Health and safety has pulled the plug on Christmas festivities in Boston – with the Market Place lights switch-on and craft market cancelled.
The borough’s Safety Advisory Group (SAG) said it expressed concerns for public safety at the crowd-pulling events after organisers missed deadlines for meeting health and safety requirements.
Now, instead of TV’s Emmerdale stars Chris Chittel and Lesley Dunlop turning on the town’s lights on Friday, they will simply come on at dusk via a timer switch.
However, the stars are still set to appear in Pescod Square.
A spokesman for the borough council said: “A combination of difficulties meant organisers faced a race against time to have all necessary arrangements in place in order that all aspects of the event could proceed in a structured and co-ordinated manner without risk to the public. The event manager, who took up the baton late in the day following the demise of the original event planners Boston BID, met with the SAG on Monday when it became apparent that time had defeated them.”
Event manager Julie Collishaw, from Boston Town Christmas Group, which took over the organising said: “We all wanted it to take place and have worked hard to make it happen but, sadly, this year, we have simply run out of time to have all necessary arrangements in place for such a large and complex event with the confidence that the public would be safe.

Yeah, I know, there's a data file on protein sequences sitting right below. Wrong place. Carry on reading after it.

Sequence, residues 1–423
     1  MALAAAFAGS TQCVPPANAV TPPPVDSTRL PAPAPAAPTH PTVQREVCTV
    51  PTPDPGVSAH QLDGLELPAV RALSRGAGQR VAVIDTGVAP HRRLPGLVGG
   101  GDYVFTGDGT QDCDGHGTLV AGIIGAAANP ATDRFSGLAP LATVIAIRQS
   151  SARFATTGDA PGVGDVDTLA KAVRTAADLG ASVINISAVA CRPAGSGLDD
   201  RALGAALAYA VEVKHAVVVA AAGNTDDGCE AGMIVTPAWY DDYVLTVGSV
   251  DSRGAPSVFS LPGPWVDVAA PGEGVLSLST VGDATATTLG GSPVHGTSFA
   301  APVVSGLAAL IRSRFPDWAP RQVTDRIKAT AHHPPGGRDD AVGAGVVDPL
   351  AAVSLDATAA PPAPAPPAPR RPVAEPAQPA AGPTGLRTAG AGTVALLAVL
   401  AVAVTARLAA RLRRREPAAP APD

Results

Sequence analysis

“We want to apologise to everyone who will be disappointed by this decision – the public, the businesses and traders, the musicians and everyone who had agreed to contribute to the event in any way. We did our best.”
The vintage fair in B&M Bargains car park and the coach car park will go ahead from tomorrow. (Wednesday).
The usual Saturday market is not affected.
See tomorrow’s paper for the full story.
Tuesday, November 26 - Christmas in Boston has been cancelled - with a number of events which were due to take place now off.
They include the official Christmas lights switch on, the Christmas Markets on Friday and Sunday and the Emmerdale Stars appearing in the market.
More to follow and in this week’s Standard.